Considerations for reflection:
Namanda framed some reflections for consideration related to how we reclaim, rewrite, and redesign
our use of discourse, narrative and rhetoric for leadership in this time. “COVID-19 has got people out of their comfort zone. Most people have stood up to help advocate for the safety of others. Given that it is an emergency, I have seen people stop implementing their priority activities to take a lead in the common fight of COVID-19, seeing that it requires an emergency response measure. It’s evident in how people communicate on social media, innovate memes that are informative in this line and push beyond their limits to give sanitizers and hand washing liquids to the minority…”
With this in mind, we may pause to consider:
- Is there a new narrative seeking to be told that might advance understanding in your circle? What discourses might help promote health, offer insights into wellbeing and advance our sense of community and purpose today?
- What observations can you make about leadership activity in your organization and/or cultural context? How have the everyday circumstances of your leadership efforts changed as a result of COVID-19? What can your organization and/or community learn as a result of taking notice of the everyday circumstances that inform your approach to leadership activity during COVID-19?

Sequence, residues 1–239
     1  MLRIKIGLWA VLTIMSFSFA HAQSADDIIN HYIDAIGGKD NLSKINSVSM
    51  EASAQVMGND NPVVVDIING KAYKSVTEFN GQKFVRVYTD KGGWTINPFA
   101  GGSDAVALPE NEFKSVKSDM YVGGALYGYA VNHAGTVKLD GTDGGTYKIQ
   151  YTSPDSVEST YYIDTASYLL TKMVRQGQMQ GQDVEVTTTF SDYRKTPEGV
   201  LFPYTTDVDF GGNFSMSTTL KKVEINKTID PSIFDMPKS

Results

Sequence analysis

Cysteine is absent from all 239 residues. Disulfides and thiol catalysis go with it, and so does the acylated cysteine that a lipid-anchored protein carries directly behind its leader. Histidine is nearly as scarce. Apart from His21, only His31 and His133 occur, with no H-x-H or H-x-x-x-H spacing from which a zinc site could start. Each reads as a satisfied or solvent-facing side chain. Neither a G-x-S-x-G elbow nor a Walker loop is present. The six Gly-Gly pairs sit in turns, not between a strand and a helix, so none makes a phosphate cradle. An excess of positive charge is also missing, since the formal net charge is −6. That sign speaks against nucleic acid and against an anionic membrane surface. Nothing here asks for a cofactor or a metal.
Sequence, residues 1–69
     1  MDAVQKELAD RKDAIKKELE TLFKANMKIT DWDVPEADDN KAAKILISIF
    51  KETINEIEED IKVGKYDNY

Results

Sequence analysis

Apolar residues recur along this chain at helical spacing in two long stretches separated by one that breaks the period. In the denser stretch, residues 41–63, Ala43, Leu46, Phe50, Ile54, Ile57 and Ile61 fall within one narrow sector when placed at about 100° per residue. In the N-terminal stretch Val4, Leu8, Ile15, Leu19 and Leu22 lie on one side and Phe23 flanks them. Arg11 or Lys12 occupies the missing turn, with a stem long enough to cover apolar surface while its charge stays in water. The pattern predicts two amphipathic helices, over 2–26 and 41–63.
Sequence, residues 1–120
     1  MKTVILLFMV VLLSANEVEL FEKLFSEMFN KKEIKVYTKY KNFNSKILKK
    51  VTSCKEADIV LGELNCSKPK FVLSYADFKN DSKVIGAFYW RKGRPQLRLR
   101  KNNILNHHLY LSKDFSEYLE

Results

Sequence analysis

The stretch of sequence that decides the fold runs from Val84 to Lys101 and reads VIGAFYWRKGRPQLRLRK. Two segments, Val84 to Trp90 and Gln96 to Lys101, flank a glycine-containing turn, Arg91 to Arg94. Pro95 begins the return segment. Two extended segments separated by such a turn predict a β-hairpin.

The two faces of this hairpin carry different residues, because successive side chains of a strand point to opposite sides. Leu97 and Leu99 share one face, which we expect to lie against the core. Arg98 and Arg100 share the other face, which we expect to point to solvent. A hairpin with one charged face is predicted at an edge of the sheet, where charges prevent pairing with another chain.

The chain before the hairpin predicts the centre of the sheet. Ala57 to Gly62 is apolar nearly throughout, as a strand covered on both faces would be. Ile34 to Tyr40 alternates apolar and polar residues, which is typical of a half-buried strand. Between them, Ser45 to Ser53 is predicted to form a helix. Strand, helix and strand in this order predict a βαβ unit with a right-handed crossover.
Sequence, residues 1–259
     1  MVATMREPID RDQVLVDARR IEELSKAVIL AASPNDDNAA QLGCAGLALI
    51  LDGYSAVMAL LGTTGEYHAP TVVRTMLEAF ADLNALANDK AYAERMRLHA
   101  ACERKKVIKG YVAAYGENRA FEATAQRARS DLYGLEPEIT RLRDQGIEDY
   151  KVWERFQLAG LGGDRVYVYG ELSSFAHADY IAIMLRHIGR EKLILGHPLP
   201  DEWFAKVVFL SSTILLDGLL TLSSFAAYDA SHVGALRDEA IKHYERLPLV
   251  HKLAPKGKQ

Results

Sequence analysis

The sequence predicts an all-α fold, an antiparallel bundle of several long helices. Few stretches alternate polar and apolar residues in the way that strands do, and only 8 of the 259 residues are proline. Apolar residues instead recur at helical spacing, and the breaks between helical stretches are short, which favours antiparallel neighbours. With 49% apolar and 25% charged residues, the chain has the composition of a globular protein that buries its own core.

Considerations for reflection:
In making sense of the embodiment and emotion that is key to our efforts, Namanda offers this reflection, “Staying home is one thing but also having collaborators who are mindful about emergencies is something else. Some collaborators only want to see progress and they may not be a force towards the progress in critical times like this. This means that contracts everyday are being lost. “
- What is required to not just seek progress, but to be a force for progress in critical times like these?
- How do we re-imagine what “progress” includes in a time of COVID-19? What role does our leadership activity have in advancing re-imagined notions of “progress?” efforts today?
A call to action
In reflecting on what is required of each of us today, she shared, “It is time to value digital productivity, value partnership beyond results in a state of emergency and time to have critical contingency plans to support employees.” Namanda’s charge to you is to consider your commitment (individually, organizationally, and globally). She reminded us that a commitment regarding work right now (situational awareness) may require we ask new questions about how we proceed (privileging day-to-day experience), what defines productivity (building a new narrative), and how to innovate in new and creative ways (embodiment of our work). Her final charge: “Those who find a common solution to this will progress and yield results or will find weaknesses that they will learn from.”
*The Mandela Washington Fellowship for Young African Leaders is a program of the U.S. Department of State with funding provided by the U.S. Government and administered by IREX. Kansas State University is a sub-grantee of IREX and has implemented U.S.-based Leadership Institutes as a part of the Fellowship. For more information about the Mandela Washington Fellowship, please visit the Fellowship’s website at www.mandelawashingtonfellowship.org.